Priority Setting Structure

There are hundreds of invasive species impacting New York’s natural areas, economy, and communities. Each of these species exhibits its own unique set and severity of impacts. These impacts are often influenced by multiple associated environmental stressors, such as climate change and deer overabundance, as well as by land use history, such as whether soils have been previously tilled for agriculture or not.

In the Adirondack Partnership for Regional Invasive Species Management (PRISM) there are nearly 100 different invasive plants and animals that have been documented. Many of these species are well established and beyond the point of effective control. Others are just emerging as threats and localized infestations can still be eradicated. There is no amount of resources that could eliminate all known infestations from the landscape, and the nature of invasive species themselves often limits the ability to develop and implement effective control measures.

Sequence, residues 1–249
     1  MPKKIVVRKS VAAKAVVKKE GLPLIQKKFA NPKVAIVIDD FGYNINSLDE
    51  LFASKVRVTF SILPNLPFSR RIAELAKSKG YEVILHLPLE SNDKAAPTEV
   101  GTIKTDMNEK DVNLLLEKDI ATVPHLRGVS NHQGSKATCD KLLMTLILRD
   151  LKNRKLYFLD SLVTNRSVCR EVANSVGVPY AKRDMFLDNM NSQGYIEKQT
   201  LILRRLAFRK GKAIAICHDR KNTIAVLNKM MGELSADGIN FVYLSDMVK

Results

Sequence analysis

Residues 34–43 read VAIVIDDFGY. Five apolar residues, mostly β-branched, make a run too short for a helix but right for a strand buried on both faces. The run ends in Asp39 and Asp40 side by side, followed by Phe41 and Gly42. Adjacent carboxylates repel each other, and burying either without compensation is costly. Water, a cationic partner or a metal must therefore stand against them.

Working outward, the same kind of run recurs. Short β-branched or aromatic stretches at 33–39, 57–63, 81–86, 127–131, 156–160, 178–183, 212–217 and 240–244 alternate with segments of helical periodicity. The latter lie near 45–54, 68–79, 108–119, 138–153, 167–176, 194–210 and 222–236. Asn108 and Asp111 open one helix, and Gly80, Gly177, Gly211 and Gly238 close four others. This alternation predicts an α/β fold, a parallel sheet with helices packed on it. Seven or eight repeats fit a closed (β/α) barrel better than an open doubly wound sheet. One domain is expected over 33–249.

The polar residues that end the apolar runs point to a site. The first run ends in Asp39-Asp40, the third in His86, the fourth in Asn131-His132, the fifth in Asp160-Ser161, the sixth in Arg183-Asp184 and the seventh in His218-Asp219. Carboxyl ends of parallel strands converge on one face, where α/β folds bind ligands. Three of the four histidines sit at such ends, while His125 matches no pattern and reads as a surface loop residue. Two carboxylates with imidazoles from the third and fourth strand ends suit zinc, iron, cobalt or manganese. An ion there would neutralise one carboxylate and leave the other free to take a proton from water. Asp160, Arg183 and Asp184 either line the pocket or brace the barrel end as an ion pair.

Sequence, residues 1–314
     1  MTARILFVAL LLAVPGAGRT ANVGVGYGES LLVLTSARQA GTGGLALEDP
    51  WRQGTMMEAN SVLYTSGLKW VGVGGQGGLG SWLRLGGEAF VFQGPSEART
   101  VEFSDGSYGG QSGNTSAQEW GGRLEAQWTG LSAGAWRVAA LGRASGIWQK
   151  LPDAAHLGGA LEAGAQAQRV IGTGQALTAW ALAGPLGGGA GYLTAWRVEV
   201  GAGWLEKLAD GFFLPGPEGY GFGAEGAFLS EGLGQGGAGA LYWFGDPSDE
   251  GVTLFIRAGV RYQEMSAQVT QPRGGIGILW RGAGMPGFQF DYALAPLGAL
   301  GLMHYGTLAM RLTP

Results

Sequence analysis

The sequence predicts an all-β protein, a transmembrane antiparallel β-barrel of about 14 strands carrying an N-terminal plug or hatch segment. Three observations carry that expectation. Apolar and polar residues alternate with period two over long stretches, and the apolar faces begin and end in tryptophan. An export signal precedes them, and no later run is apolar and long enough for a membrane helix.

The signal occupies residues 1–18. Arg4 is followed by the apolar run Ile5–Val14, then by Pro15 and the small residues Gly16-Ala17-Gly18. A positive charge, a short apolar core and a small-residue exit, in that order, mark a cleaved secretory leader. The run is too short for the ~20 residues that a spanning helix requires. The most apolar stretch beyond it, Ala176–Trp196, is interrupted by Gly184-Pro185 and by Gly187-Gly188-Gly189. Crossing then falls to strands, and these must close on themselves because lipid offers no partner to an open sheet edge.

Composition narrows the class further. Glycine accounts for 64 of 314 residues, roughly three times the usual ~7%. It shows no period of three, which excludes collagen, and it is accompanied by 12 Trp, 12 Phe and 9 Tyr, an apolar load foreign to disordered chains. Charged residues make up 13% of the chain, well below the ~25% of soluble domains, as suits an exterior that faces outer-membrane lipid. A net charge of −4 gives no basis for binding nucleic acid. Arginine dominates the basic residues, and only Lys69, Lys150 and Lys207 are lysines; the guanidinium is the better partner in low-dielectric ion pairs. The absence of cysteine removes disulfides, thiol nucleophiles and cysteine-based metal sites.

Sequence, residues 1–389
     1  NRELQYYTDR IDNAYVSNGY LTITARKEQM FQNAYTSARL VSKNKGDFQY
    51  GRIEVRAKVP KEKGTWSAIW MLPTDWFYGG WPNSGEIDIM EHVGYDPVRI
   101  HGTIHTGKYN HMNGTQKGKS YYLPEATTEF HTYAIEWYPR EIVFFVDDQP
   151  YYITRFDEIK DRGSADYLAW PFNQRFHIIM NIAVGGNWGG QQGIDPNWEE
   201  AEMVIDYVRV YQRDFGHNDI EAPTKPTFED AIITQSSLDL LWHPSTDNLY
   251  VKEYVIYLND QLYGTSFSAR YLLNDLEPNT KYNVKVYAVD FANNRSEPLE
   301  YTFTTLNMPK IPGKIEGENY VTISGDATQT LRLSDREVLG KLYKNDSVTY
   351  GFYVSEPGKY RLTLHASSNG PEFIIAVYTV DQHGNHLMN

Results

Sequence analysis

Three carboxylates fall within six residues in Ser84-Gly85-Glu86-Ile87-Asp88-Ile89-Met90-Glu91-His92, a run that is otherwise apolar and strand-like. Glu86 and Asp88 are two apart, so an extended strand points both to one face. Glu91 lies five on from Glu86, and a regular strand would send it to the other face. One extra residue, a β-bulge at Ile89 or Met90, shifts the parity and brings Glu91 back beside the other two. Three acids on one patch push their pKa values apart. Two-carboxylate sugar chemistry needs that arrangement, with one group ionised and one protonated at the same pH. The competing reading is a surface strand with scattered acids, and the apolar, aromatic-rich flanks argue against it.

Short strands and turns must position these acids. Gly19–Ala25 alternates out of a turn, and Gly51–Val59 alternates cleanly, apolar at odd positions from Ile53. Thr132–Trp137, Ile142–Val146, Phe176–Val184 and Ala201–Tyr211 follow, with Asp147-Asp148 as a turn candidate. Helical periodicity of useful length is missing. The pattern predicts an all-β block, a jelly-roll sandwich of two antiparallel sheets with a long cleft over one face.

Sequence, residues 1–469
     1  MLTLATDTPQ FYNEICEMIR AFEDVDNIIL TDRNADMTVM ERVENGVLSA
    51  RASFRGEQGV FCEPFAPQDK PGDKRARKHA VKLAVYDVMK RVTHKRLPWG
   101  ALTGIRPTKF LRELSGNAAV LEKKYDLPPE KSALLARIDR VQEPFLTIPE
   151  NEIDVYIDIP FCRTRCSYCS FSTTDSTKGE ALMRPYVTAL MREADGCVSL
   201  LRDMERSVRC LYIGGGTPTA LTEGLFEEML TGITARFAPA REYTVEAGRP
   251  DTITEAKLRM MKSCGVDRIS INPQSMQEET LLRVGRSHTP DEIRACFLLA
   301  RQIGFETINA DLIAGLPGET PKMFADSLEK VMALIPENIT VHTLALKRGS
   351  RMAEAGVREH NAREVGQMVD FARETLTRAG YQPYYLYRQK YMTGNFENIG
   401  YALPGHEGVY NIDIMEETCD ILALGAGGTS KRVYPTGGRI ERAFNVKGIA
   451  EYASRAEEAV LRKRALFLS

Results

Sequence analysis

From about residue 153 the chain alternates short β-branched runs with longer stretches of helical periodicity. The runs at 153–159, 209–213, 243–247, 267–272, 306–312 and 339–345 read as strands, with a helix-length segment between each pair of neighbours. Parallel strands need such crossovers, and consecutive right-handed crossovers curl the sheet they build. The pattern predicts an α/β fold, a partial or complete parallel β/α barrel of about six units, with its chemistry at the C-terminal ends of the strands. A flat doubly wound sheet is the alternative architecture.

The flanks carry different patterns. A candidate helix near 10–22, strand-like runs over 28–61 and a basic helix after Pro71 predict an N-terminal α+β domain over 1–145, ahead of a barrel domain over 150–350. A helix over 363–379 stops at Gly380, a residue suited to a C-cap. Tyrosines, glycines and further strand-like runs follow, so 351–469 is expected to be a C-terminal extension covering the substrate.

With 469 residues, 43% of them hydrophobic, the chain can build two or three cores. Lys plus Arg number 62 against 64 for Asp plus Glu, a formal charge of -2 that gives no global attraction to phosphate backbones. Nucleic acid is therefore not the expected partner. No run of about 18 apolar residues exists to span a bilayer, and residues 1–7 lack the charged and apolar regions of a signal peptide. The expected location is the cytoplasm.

Therefore, invasive species managers must prioritize their efforts on prevention, early detection and rapid response to those species and/or infestations that pose the greatest threats, can be effectively managed,  and whose management will result in the highest conservation, economic, or societal returns given resource constraints. Learn how we set our management priorities by referring to our unified theory for invasive species management above and by visiting the links below: